Matt Damon becomes the space age Robinson Crusoe when he is presumed dead and left behind on Mars and struggles to survive and get himself back home to earth in THE MARTIAN.
Based on Andy Weir’s 2011 novel of the same name and directed by sci fi auteur Ridley Scott who gave us Alien and Blade Runner, this is a film that has been best described as Apollo 13 meets Cast Away. Continue reading THE MARTIAN→
Director Christopher Nolan (THE DARK KNIGHT RISES, INCEPTION) again creatively builds upon his experimental cinematography with his use of anamorphic 35mm and 15perf/70 IMAX cameras attached to aeroplanes, to provide the audience with stunningly visuals and has successfully re-imagined the science fiction blockbuster genre on a grand scale.
If you are looking for a comparison to go by, INTERSTELLAR is a deep space thriller and odyssey that is reminiscent of selective parts of the premise in the source material for several science fiction films, including THE PLANET OF THE APES, 2001 and GRAVITY.
The film is set in the not-too-distant future. INTERSTELLAR shows a global crisis where planet earth’s crops are being ravaged and destroyed by an uncontrollable blight. A space journey is undertaken to save humanity from its destructive excesses, and to find a new planet like earth to re-locate all seven billion human inhabitants of Earth, or to start again on a new earth utilising the thousands of fertilised human eggs carried on-board the spacecraft.
Like some cinematic cousin to his masterpiece, ‘Brazil’, Terry Gilliam’s THE ZERO THEOREM is set in an uber bureaucratic dystopia echoing Orwell, Kafka and Philip K. Dick.
Our protagonist, the emotionally damaged and the emotionally bereft Qohen Leth, is an eccentric and reclusive computer genius plagued with existential angst.
He lives in isolation in a burnt-out chapel, where he washes in a font and a headless Christ on a Crucifix hosts a surveillance camera. Here he waits for a phone call which he is convinced will provide him with answers he has long sought.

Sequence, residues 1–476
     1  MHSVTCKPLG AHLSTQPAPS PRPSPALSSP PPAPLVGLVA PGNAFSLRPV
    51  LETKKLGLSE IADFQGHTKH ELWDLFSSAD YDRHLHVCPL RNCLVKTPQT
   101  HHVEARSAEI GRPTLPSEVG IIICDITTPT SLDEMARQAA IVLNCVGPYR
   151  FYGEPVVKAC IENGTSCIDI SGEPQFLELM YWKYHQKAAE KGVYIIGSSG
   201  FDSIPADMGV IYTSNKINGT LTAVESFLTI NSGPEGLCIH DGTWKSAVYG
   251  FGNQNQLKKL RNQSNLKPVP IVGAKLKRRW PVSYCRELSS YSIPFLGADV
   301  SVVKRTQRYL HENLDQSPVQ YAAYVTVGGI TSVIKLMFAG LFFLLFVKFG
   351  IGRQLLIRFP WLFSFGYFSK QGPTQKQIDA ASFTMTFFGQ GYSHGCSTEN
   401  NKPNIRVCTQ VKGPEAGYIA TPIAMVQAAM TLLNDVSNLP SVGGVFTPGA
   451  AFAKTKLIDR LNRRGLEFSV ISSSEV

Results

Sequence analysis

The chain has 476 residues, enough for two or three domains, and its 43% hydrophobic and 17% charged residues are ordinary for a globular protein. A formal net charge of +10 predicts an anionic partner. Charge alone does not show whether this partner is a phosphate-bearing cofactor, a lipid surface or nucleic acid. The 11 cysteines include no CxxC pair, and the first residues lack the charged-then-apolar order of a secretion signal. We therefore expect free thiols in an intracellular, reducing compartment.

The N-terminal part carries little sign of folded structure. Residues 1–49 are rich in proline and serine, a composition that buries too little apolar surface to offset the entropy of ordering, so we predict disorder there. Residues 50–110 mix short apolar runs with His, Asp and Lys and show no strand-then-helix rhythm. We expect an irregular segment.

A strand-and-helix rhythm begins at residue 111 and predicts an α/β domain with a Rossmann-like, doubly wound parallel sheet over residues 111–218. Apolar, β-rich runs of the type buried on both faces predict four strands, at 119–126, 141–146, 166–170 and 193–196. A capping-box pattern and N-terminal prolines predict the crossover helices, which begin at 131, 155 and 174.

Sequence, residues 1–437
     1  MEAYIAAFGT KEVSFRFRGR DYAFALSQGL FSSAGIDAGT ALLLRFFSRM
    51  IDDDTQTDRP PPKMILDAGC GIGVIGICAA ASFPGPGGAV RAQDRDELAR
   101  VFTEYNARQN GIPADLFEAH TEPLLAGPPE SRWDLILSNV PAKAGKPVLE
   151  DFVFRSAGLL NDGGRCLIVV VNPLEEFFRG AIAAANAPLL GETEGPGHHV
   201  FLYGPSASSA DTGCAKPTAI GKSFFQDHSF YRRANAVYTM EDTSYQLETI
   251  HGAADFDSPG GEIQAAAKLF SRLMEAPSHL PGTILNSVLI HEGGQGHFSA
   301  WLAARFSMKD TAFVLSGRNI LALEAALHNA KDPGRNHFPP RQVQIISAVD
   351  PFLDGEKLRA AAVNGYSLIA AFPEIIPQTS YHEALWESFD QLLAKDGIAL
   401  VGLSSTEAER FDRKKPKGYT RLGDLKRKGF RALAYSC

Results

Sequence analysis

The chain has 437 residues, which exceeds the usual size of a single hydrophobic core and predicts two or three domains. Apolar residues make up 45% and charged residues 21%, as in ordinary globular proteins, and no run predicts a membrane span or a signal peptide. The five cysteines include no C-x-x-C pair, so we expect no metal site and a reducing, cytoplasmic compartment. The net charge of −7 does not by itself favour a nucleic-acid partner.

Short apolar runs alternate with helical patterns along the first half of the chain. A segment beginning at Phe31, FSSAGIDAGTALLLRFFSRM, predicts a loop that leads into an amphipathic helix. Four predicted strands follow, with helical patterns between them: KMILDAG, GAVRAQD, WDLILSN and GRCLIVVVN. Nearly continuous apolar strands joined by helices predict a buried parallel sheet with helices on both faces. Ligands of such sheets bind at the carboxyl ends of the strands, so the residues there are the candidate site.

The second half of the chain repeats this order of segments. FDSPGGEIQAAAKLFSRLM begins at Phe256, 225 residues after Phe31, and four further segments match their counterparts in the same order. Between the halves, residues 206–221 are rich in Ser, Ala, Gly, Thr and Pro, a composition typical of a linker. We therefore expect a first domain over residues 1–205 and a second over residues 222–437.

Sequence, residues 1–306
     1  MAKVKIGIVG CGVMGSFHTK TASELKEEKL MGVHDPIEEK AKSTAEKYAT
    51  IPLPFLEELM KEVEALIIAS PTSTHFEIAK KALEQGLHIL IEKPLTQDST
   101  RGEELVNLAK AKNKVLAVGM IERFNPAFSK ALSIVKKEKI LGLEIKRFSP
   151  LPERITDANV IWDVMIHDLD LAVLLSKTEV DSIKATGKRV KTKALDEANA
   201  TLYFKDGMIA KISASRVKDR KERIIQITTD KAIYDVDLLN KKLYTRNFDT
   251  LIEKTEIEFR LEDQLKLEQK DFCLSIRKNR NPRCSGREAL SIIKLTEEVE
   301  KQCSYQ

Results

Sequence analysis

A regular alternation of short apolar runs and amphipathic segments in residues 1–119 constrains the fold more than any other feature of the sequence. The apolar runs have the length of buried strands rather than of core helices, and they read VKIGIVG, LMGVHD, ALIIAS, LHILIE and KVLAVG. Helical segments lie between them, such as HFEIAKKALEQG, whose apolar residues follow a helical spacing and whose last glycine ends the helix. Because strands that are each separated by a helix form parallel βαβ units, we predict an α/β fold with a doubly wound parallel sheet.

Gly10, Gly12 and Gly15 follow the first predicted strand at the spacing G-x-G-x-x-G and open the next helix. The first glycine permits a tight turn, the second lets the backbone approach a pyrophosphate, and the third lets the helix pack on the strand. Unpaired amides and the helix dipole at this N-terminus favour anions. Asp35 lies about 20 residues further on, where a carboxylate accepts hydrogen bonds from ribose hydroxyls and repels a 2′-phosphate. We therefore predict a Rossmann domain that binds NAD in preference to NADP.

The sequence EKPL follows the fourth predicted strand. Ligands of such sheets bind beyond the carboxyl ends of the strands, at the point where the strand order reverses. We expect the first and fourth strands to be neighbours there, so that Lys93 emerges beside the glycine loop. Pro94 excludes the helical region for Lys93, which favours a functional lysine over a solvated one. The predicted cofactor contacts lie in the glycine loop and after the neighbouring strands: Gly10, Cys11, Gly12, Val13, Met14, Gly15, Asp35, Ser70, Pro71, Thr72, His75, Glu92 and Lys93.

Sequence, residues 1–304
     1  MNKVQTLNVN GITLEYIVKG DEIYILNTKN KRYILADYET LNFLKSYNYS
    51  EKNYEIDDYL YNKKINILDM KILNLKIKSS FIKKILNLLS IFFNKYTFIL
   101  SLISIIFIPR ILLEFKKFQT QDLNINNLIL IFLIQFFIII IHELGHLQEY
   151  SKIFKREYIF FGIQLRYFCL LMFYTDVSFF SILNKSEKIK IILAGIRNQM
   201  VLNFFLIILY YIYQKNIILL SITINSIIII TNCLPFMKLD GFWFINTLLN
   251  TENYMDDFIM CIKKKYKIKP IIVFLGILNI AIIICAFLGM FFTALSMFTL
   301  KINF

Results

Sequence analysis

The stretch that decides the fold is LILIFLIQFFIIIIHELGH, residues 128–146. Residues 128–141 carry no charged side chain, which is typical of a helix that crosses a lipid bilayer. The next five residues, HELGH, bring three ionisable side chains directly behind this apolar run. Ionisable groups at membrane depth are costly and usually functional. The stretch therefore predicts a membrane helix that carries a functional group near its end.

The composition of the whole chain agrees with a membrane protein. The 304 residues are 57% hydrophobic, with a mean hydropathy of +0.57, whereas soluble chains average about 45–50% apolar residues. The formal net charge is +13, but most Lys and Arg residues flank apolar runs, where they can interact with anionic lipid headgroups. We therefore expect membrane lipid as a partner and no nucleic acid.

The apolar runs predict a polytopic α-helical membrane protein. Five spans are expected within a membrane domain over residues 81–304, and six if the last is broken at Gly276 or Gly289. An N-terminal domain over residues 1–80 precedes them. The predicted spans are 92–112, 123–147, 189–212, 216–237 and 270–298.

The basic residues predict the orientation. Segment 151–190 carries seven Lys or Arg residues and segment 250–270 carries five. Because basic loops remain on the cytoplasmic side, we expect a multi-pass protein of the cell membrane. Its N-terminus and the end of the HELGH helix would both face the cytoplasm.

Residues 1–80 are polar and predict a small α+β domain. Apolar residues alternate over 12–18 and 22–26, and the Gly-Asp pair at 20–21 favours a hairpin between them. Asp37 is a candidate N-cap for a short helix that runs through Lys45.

“I like Bling Lee/ I like Bling Lee/ This closet queen who liked to preen/Was oh so totally queer/
He would tickle the ivories on his Steinways/ Then tickle his boys who became his toys/And not wish his brother George was here!
In BEHIND THE CANDLEABRA (M)/ there’s a bit of acting abracadabra/ with Michael Douglas playing Liberace/mind you both liked to romance the stone.
Matt Damon plays bi in a boofy blokey way/And Scott Bakula is a back door Johnny/Forget I wish my Brother George were here/Debbie Reynolds is playing Mommie Dear!”
…And what about Rob Lowe as the skin tight cosmetician, the plastic fantastic physician whose Botox needs detox! He arrives on the scene after Liberace declares that all he can see when he looks in the mirror is his father. A double howl from the audience as the line is delivered by Michael Douglas, a sort of double entendre, conjuring Kirk as much as Liberace senior!
All under the direction Steven Soderbergh from a script by Richard Lagravenese. Watching this Liberace is easy, though it’s a bit sleazy it has quite a dab hand at sad at the end.
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